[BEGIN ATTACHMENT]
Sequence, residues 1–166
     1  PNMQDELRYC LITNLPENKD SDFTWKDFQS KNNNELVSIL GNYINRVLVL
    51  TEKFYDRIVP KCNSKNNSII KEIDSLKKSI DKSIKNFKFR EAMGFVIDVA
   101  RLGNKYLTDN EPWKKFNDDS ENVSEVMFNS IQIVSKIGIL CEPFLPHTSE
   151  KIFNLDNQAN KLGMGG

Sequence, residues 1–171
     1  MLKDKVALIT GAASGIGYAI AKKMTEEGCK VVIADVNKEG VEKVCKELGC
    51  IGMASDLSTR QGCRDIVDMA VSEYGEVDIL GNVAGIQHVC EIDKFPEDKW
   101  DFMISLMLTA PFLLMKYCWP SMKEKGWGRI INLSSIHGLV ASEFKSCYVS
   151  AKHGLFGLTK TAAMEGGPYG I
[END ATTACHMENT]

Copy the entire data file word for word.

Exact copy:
Sequence, residues 1–166
     1  PNMQDELRYC LITNLPENKD SDFTWKDFQS KNNNELVSIL GNYINRVLVL
    51  TEKFYDRIVP KCNSKNNSII KEIDSLKKSI DKSIKNFKFR EAMGFVIDVA
   101  RLGNKYLTDN EPWKKFNDDS ENVSEVMFNS IQIVSKIGIL CEPFLPHTSE
   151  KIFNLDNQAN KLGMGG

Sequence, residues 1–171
     1  MLKDKVALIT GAASGIGYAI AKKMTEEGCK VVIADVNKEG VEKVCKELGC
    51  IGMASDLSTR QGCRDIVDMA VSEYGEVDIL GNVAGIQHVC EIDKFPEDKW
   101  DFMISLMLTA PFLLMKYCWP SMKEKGWGRI INLSSIHGLV ASEFKSCYVS
   151  AKHGLFGLTK TAAMEGGPYG I